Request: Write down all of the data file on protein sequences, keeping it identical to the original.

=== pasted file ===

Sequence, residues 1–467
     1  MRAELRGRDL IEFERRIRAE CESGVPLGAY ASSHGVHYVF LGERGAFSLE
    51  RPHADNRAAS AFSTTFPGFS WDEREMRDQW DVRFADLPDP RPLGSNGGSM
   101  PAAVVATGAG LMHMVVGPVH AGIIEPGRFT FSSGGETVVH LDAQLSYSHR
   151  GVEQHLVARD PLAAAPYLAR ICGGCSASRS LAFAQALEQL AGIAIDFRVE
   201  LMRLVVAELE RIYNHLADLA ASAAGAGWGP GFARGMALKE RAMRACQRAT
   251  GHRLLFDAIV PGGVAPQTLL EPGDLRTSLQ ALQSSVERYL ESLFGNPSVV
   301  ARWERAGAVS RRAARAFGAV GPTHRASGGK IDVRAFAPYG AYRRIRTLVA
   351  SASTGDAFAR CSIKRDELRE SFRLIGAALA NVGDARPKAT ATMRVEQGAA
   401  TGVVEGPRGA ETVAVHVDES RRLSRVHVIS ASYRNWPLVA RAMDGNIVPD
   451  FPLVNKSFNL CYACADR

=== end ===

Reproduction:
Sequence, residues 1–467
     1  MRAELRGRDL IEFERRIRAE CESGVPLGAY ASSHGVHYVF LGERGAFSLE
    51  RPHADNRAAS AFSTTFPGFS WDEREMRDQW DVRFADLPDP RPLGSNGGSM
   101  PAAVVATGAG LMHMVVGPVH AGIIEPGRFT FSSGGETVVH LDAQLSYSHR
   151  GVEQHLVARD PLAAAPYLAR ICGGCSASRS LAFAQALEQL AGIAIDFRVE
   201  LMRLVVAELE RIYNHLADLA ASAAGAGWGP GFARGMALKE RAMRACQRAT
   251  GHRLLFDAIV PGGVAPQTLL EPGDLRTSLQ ALQSSVERYL ESLFGNPSVV
   301  ARWERAGAVS RRAARAFGAV GPTHRASGGK IDVRAFAPYG AYRRIRTLVA
   351  SASTGDAFAR CSIKRDELRE SFRLIGAALA NVGDARPKAT ATMRVEQGAA
   401  TGVVEGPRGA ETVAVHVDES RRLSRVHVIS ASYRNWPLVA RAMDGNIVPD
   451  FPLVNKSFNL CYACADR